An additional area of impact of Brexit which has to date been neglected when considering the consequences for ACP countries arising from the trade displacement. This would arise from two inter-related development: firstly the possible introduction of MFN tariffs on mutual EU27/UK trade in agro-food products; secondly the impact of new UK trade deals on the market position of EU27 suppliers on the UK market. Both of these developments could see export drives targeting ACP markets in the most seriously affected products, from sugar and dairy products to beef and poultry meat.
There are two major potential causes of trade displacement of concern to ACP countries in the agro-food sector arising from the Brexit process:
- the displacement of EU27 and UK agro-food exports trade as the result of a failure to conclude a successor trade agreement and this resulting in the imposition of MFN duties on mutual EU27/UK trade ;
- the displacement of EU27 agro-food product exports to the UK market arising from the UK’s pursuit of a more liberal agro-food sector trade regime in its relationships with non-EU countries.
These two processes overlap, with post-Brexit UK international trade policy choices impacting on the scope for an EU27-Uk trade deal which includes agro-food products. While the UK wants to become a global leader in free trade the question arises: what will the UK be able to offer prospective partners to make the opening up of their markets to UK exports attractive?
Given the inherited EU tariffs which the UK is committed to implement post Brexit, the main area for tariff reductions open to the UK government will be in the agro-food sector, since this is the area where the inherited EU tariffs are highest. A more liberalized UK agro-food sector trade policy with countries such as Brazil would see an intensification of competition for EU27 exporters on the UK market across arrange of agro-food products, with this probably displacing EU27 products onto world market.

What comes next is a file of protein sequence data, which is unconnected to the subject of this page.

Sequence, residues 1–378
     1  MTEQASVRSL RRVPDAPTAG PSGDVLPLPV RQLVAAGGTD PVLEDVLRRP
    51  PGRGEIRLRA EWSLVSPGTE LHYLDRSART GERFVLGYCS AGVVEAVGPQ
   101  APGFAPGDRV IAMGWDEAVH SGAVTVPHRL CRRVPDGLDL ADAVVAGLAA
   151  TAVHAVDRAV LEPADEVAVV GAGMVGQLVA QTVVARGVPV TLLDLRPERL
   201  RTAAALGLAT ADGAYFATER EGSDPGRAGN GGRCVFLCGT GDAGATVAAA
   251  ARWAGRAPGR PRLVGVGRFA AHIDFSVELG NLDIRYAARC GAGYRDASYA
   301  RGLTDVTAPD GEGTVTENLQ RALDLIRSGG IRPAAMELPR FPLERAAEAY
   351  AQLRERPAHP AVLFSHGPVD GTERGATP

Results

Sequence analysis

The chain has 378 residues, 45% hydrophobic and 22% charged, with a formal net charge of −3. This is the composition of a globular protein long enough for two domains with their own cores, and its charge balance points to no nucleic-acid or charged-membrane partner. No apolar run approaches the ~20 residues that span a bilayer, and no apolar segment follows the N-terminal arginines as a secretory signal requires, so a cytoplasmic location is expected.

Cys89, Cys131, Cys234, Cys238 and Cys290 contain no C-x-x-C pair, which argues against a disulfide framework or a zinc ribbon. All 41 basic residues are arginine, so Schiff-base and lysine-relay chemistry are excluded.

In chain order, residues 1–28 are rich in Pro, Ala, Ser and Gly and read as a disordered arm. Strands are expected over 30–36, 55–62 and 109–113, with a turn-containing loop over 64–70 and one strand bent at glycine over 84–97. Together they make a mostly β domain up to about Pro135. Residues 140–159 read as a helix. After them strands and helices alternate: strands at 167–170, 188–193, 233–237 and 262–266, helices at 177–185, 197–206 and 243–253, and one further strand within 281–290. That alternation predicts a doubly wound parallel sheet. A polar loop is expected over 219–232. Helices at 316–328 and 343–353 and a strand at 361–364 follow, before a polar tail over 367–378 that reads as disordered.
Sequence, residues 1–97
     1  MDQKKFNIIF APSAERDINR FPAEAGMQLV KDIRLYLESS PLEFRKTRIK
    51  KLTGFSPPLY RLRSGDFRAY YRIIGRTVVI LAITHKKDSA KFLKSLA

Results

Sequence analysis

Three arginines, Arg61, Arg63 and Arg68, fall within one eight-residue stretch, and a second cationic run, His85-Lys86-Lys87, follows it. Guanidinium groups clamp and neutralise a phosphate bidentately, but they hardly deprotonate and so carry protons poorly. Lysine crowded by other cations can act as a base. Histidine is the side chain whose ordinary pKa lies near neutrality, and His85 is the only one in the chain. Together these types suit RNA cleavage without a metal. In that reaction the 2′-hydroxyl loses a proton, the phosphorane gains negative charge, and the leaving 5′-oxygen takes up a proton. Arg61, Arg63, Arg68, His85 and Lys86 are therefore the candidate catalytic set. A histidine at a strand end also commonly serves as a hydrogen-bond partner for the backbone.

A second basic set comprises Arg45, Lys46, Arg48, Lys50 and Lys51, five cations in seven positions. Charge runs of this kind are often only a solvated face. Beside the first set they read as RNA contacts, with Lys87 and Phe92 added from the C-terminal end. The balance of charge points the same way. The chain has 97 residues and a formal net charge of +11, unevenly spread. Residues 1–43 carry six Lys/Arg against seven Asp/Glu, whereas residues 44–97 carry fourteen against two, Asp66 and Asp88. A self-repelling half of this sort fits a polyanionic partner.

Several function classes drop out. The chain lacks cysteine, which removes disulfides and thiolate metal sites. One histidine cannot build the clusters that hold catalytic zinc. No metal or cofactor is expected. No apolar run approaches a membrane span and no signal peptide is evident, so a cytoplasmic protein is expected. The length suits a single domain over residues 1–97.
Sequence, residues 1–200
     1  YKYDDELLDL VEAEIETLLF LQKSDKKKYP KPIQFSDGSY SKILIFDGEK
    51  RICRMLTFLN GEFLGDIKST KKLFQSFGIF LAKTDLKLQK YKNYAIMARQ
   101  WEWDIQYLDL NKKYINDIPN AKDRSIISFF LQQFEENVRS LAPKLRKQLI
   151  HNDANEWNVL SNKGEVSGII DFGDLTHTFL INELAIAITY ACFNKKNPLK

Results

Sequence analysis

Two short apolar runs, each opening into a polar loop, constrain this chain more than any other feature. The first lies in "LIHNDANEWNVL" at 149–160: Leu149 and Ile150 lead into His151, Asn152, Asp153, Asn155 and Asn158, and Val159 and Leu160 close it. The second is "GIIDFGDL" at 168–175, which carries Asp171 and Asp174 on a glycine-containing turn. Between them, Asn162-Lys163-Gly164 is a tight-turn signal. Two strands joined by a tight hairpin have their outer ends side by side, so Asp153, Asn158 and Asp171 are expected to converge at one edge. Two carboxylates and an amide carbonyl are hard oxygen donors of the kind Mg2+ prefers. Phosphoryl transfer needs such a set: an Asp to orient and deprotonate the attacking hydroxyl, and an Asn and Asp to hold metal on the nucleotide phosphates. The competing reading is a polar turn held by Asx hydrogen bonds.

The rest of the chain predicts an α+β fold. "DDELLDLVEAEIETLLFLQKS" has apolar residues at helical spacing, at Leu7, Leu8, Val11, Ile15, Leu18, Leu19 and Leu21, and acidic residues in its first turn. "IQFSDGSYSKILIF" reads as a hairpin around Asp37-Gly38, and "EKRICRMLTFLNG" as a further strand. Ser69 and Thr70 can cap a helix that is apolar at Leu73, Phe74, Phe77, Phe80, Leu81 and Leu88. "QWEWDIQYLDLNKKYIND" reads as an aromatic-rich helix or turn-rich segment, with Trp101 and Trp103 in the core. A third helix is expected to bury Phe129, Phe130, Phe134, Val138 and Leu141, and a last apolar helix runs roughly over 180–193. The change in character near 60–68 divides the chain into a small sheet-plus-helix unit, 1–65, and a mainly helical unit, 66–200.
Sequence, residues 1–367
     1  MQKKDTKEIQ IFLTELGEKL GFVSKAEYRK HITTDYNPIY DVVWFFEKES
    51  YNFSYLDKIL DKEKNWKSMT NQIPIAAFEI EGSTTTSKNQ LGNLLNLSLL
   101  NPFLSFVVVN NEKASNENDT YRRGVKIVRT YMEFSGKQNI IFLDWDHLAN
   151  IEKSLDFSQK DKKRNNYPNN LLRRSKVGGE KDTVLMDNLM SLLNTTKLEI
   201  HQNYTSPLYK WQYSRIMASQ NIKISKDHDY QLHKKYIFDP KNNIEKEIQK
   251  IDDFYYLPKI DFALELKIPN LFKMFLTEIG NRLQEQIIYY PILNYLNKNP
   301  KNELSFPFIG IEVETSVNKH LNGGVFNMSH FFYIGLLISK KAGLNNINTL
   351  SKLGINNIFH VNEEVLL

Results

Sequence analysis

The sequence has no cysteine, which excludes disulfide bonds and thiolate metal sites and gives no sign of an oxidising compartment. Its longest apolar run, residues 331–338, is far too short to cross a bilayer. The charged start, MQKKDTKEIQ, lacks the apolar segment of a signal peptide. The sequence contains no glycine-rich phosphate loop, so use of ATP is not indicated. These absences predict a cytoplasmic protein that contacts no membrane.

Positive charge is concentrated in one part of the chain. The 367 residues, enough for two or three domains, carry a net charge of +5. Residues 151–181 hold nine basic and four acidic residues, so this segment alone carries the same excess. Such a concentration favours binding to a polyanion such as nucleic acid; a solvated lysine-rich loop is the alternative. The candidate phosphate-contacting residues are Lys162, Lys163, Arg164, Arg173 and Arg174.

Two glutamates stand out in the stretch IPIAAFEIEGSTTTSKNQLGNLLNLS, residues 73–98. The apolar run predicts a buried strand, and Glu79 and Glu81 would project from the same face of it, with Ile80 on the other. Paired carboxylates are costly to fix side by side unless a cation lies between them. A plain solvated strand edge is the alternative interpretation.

A situation where in negotiating trade agreements with non-EU and non-ACP trade partners, the UK was more open to other countries agro-food product exports than permitted under current EU trade policies, would greatly complicate the process of negotiating a deep and comprehensive trade agreement between the UK and EU27 which includes agro-food sector products.
The exclusion of agro-food products from a new EU27-UK trade deal would drive both UK and EU27 exporters to find new global markets for current exports.
|Comment and Analysis
From an ACP perspective the biggest threat from this process of EU27/UK trade displacement is in the sugar and meat sectors (beef and poultry meat), although threats could also arise in the processed fruit and vegetable sector and the dairy sector.
In an ACP context this needs to be seen against the background of the pending implementation of tariff and non-tariff commitments entered into under economic partnership agreements with the EU and the likelihood that the EU will seek the rigorous enforcement of African commitments on the elimination of non-tariff barriers to EU agro-food exports.
It also places in context UK efforts to roll over existing reciprocal tariff liberalisation commitments entered into through the various EPAs, from the date of the UK’s formal departure from the EU.
(1) Farm Europe, ‘Brexit and Trade: a double challenge’, 26 April 2017
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